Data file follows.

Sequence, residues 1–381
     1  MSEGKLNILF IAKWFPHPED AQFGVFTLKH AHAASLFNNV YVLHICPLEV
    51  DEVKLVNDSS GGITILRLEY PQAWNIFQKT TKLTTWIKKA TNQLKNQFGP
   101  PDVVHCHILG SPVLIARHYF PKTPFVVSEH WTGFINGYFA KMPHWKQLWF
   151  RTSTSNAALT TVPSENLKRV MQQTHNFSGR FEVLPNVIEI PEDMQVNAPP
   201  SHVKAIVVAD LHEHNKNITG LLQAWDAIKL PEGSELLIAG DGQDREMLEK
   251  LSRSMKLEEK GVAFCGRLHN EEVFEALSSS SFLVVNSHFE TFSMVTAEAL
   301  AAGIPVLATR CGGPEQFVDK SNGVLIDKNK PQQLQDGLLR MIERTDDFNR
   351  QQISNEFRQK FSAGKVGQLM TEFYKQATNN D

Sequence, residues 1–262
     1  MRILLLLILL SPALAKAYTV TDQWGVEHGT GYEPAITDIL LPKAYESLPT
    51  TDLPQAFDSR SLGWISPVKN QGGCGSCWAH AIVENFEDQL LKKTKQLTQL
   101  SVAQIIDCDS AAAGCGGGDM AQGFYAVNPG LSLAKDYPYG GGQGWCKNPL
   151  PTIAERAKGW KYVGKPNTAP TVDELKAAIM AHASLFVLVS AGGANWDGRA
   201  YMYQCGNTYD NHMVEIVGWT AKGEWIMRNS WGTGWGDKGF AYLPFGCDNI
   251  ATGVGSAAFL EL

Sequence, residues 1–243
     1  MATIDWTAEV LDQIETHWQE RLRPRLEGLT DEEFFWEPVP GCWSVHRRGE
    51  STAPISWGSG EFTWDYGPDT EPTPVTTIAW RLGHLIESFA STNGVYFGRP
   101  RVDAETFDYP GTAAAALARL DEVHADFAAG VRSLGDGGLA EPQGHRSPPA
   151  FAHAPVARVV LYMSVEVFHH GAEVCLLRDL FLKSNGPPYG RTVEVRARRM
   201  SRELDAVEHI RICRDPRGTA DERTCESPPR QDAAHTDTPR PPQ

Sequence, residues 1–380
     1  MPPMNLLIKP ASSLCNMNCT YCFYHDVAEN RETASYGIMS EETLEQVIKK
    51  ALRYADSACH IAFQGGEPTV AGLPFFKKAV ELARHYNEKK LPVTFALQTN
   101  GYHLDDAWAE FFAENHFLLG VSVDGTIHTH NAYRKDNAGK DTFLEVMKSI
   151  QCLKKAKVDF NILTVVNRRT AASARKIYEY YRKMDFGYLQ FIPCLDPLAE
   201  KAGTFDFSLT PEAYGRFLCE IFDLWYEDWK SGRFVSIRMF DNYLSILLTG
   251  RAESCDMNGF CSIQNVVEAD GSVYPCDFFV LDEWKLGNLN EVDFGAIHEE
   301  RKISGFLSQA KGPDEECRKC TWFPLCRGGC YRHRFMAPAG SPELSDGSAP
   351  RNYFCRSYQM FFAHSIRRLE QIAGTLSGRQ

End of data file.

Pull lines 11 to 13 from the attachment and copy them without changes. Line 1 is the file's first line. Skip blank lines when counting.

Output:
     1  MRILLLLILL SPALAKAYTV TDQWGVEHGT GYEPAITDIL LPKAYESLPT
    51  TDLPQAFDSR SLGWISPVKN QGGCGSCWAH AIVENFEDQL LKKTKQLTQL
   101  SVAQIIDCDS AAAGCGGGDM AQGFYAVNPG LSLAKDYPYG GGQGWCKNPL